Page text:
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Maintaining International Student Status

Friday, September 19, 2014

It’s that time of year again: Packing up your things, stocking up on supplies and buying books – then heading back to school. However, if you are an international student attending school in the United States, there are a few other items you’ll need to check off your list to make sure you don’t run afoul of immigration laws, especially if you are entering the country for the first time.

The first thing to make sure you have is a Form I-20, which is the “Certificate of Eligibility for Nonimmigrant Student Status.” The form will contain important information, including the official start date of your academic program. The start date is significant because international students are not permitted to arrive in the U.S. earlier than 30 days before this date.

When a student arrives in the country, he or she must immediately contact the school official designated on the form I-20. It’s also the student’s duty to get in touch with the school contact once again before classes start to make sure that all information in the Student and Exchange Visitor Information System (“SEVIS”) is up to date. SEVIS is the system that the U.S. government uses to monitor the compliance of international students with U.S. immigration laws.
Once classes start, international students who are pursuing post-secondary studies, such as a bachelor’s or an associate’s degree, have to maintain full-time enrollment status. This typically means 12 credit hours per semester are required to remain eligible for international student status. For graduate or seminary programs, the number of credits will vary by school, but a full of course of study – as defined by the institution – is still required maintain status.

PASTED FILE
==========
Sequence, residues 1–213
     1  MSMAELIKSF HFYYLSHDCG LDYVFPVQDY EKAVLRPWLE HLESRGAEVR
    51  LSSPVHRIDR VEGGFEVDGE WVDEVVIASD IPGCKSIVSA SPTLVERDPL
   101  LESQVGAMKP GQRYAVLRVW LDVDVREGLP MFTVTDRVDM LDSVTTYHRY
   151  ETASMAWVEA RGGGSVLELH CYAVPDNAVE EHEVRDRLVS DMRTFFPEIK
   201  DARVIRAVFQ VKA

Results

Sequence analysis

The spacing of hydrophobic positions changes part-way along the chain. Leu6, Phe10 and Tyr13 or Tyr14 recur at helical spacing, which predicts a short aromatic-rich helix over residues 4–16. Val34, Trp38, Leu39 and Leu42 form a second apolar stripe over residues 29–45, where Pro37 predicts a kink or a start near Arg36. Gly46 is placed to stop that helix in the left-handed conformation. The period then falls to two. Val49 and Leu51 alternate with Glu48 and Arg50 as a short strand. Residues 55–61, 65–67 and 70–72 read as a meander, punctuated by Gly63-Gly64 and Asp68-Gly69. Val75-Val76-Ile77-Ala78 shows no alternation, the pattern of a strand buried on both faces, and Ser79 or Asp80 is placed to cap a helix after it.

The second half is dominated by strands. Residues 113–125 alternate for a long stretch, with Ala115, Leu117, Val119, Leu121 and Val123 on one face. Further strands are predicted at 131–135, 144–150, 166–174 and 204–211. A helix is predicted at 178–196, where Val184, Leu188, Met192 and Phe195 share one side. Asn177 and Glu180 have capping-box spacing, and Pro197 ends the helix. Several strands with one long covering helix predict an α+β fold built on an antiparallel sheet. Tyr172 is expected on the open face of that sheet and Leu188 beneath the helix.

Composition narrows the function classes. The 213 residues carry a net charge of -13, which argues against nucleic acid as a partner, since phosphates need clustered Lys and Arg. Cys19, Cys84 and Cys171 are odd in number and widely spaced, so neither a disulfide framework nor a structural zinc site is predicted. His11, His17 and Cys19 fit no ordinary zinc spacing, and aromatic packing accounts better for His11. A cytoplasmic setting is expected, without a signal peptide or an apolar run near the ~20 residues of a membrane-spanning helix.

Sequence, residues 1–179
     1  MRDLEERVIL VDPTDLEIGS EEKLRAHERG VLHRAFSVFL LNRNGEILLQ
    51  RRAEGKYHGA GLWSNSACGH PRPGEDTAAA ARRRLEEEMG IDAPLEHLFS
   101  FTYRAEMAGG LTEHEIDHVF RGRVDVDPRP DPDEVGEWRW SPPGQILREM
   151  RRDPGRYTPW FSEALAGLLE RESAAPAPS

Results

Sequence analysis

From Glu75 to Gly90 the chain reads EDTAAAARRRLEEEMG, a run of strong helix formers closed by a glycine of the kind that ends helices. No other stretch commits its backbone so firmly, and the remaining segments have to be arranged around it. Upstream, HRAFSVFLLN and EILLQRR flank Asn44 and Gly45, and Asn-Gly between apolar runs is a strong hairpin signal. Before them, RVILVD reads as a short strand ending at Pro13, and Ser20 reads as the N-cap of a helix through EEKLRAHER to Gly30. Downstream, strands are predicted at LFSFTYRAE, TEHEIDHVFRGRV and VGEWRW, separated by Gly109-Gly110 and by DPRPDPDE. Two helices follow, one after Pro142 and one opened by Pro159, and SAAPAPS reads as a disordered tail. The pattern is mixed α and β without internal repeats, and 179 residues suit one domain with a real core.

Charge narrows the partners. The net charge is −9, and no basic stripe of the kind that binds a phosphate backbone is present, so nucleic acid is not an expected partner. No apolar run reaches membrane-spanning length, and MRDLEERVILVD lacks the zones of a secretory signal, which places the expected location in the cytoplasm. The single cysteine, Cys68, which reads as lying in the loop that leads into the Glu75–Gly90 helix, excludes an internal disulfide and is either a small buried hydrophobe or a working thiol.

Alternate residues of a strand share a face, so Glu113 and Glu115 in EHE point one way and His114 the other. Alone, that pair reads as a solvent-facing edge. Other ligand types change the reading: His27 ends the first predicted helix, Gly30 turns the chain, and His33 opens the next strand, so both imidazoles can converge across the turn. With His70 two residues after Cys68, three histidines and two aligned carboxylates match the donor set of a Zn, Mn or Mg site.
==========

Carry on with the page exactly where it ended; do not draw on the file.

Once a student has completed the course of study, he or she must leave the U.S. within 60 days of the program’s end date, as it’s designated on the Form I-20. The good news is that upon completion of a degree, most students will be eligible for Optional Practical Training (OPT), which is work authorization valid for at least 12 months.  It is critical to timely apply for OPT in order to avail of this opportunity to remain in the U.S. and work. 

Just like students who are U.S. citizens, international students have to prepare for college. They just have to do a little more to be ready for the challenges of studying in the U.S. to make sure they succeed.

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